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Arwi Title.png
Arwi written in Arabic Script
Script type
Time period
StatusReligious Uses
Directionright-to-left script 
RegionIndia, Sri Lanka
Related scripts
Parent systems
Sister systems
Arabi Malayalam
ISO 15924
ISO 15924Arab, 160 , ​Arabic
Unicode alias
 This article contains phonetic transcriptions in the International Phonetic Alphabet (IPA). For an introductory guide on IPA symbols, see Help:IPA. For the distinction between [ ], / / and ⟨ ⟩, see IPA § Brackets and transcription delimiters.
Arwi script in a tombstone at Kilakarai in one of the oldest mosques of India, the Old Jumma Masjid of Kilakarai

Arwi or ArabuTamil (Arabic: ? , al-lis?n-ul-arw? or , Arwiyy;[1] Tamil: , arabu-tamil) is a written register of the Tamil language that uses the Arabic alphabet.[2] It typically has extensive lexical influences from the Arabic language.[1] Arwi was used extensively by the Muslims of Tamil Nadu state of India and Sri Lanka.[when?][1]


Arwi was an outcome of the cultural synthesis between seafaring Arabs and Tamil-speaking Muslims of Tamil Nadu. This language was enriched, promoted and developed in Kayalpattinam. It had a rich body of work in jurisprudence, sufism, law, medicine and sexology, of which little has been preserved. It was used as a bridge language for Tamil Muslims to learn Arabic.[3] The patrons of Arwi seem to have been the Nawab of the Carnatic, they were Islamic and were part of the Mughal Empire. Many hadith manuscripts have been found. Most of the fiqh books, particularly those of Imaam Shaafi and Imaam Abu Hanifa, have been found in Arwi.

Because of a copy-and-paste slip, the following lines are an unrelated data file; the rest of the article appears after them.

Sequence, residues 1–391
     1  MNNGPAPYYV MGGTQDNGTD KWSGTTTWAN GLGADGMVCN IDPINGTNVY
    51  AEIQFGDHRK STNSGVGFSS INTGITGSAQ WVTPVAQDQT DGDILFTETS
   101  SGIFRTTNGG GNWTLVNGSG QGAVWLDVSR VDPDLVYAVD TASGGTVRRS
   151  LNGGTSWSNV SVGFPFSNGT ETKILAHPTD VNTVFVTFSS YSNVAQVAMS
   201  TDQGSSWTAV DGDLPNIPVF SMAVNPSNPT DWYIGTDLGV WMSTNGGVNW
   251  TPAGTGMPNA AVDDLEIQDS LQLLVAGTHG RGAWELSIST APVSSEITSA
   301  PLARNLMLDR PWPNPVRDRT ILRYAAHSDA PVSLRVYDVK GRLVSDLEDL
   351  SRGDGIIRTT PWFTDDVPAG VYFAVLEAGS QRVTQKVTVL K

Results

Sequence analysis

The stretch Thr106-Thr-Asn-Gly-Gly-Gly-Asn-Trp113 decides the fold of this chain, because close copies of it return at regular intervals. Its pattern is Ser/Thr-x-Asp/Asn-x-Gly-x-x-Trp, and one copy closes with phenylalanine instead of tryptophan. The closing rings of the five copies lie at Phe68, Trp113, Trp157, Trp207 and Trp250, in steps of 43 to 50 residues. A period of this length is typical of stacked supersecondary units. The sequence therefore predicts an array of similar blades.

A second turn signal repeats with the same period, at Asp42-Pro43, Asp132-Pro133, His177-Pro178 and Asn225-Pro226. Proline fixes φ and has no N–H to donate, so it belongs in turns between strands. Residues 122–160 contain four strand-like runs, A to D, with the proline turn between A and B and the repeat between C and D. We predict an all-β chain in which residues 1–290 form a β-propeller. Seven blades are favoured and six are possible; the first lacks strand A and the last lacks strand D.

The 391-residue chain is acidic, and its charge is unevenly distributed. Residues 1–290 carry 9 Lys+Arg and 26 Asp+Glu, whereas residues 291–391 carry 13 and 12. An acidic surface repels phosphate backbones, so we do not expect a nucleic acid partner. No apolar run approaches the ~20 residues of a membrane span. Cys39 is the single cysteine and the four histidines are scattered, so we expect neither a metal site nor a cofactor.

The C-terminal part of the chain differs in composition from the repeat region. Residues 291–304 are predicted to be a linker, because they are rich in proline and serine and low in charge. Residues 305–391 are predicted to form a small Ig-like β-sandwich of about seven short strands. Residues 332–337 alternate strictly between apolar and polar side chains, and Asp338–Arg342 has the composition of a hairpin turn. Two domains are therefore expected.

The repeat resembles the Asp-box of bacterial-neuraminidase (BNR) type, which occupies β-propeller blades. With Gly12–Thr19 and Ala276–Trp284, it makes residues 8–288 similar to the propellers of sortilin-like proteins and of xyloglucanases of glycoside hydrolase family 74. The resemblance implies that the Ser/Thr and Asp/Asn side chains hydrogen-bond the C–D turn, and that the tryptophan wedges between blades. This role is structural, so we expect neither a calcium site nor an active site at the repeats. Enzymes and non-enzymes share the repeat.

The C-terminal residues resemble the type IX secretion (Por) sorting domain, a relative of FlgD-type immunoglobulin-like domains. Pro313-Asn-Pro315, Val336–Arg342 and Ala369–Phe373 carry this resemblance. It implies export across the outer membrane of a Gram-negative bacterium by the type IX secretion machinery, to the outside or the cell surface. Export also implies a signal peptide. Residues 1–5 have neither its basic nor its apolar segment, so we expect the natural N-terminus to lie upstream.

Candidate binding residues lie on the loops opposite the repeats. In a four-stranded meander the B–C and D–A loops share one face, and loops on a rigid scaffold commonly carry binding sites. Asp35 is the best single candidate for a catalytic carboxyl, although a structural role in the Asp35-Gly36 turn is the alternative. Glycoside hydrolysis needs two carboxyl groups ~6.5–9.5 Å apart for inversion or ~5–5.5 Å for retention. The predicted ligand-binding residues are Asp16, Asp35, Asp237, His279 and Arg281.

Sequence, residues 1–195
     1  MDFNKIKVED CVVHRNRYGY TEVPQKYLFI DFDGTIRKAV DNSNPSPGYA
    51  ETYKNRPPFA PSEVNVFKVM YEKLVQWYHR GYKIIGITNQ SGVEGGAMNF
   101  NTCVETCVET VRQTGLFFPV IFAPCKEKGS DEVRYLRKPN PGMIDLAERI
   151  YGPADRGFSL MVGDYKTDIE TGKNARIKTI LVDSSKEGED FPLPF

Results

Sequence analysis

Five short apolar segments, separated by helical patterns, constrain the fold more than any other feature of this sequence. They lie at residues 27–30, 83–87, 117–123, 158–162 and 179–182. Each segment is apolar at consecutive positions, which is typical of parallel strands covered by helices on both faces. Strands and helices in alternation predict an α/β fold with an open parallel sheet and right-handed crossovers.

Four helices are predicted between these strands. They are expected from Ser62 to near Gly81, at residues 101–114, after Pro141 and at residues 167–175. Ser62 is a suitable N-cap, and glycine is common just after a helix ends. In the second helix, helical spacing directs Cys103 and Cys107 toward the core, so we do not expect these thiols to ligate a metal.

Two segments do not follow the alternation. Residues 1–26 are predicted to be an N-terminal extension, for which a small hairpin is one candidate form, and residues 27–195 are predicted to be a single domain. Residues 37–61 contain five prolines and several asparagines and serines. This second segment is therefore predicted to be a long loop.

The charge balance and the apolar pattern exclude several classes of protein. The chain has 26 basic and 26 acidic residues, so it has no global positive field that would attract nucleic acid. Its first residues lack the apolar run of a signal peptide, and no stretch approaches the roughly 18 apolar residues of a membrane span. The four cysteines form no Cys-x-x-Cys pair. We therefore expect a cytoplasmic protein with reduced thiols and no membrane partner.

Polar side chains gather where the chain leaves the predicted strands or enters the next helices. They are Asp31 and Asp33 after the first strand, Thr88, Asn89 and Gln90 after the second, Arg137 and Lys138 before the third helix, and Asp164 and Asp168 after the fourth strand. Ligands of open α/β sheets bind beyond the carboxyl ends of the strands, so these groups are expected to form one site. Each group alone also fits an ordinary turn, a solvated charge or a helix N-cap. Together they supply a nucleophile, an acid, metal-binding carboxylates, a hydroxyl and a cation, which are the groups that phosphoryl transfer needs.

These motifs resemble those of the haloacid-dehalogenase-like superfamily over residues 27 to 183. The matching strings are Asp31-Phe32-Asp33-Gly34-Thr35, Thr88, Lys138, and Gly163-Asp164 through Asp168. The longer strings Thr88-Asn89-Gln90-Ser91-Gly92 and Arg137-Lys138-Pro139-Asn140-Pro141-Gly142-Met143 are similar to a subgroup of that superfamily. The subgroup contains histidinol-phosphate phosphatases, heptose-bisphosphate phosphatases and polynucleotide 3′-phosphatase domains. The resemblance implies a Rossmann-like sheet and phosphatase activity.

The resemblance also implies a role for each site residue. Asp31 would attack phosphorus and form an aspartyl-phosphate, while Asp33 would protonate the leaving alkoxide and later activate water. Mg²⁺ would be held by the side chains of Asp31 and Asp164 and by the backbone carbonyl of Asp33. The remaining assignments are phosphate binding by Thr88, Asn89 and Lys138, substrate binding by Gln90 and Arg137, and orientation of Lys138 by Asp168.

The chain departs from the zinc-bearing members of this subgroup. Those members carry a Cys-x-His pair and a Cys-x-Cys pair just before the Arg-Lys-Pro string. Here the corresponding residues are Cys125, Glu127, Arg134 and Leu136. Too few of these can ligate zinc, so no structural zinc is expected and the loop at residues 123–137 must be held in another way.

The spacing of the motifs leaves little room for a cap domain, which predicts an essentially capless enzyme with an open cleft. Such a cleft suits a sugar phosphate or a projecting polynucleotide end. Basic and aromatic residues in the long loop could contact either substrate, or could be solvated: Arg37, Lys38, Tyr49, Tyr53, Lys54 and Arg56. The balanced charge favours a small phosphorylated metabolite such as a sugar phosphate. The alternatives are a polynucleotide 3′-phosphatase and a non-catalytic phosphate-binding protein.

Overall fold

There was also a translation of the Bible into Arwi in 1926.

Arwi still has a place among the more traditional Indian Tamil Muslim and Sri Lankan Moor families.


The Arwi alphabet is the Arabic alphabet with thirteen additional letters, used to represent the Tamil vowels e and o and several Tamil consonants that could not be mapped to Arabic sounds.[1]

Arwi letters not found in Arabic
Arwi vowels arranged according to the Tamil order (right to left)
? ? ? ? ? ? ? ? ? ? ? ?
au ? o ai ? e ? u ? i ? a
Arwi letters arranged according to the Arabic hij?'? order
? ? ? ?
? ? ? ? ? ? ? ? ? ? ? ? ? ? ? ? ? ? ?
? L ? sh s z r R dh T D d kh ? ch j th t b ?
, ?
? ? ? ? ? ? ? ? ? ? ? ? ? ? ? ? ? ? ?
y w h gn N n m l g k q p f gh ng ' ? ? zh


  1. ^ a b c d Torsten Tschacher (2001). Islam in Tamilnadu: Varia. (Südasienwissenschaftliche Arbeitsblätter 2.) Halle: Martin-Luther-Universität Halle-Wittenberg. ISBN 3-86010-627-9. (Online versions available on the websites of the university libraries at Heidelberg and Halle: and
  2. ^ R. Cheran, Darshan Ambalavanar, Chelva Kanaganayakam (1997) History and Imagination: Tamil Culture in the Global Context. 216 pages, ISBN 978-1-894770-36-1
  3. ^ 216 th year commemoration today: Remembering His Holiness Bukhary Thangal Sunday Observer - January 5, 2003. Online version Archived 2012-10-02 at the Wayback Machine accessed on 2009-08-14
  • Shu'ayb, Tayka. Arabic, Arwi and Persian in Sarandib and Tamil Nadu. Madras: Im?mul 'Ar?s Trust, 1993.

External links

  This article uses material from the Wikipedia page available here. It is released under the Creative Commons Attribution-Share-Alike License 3.0.



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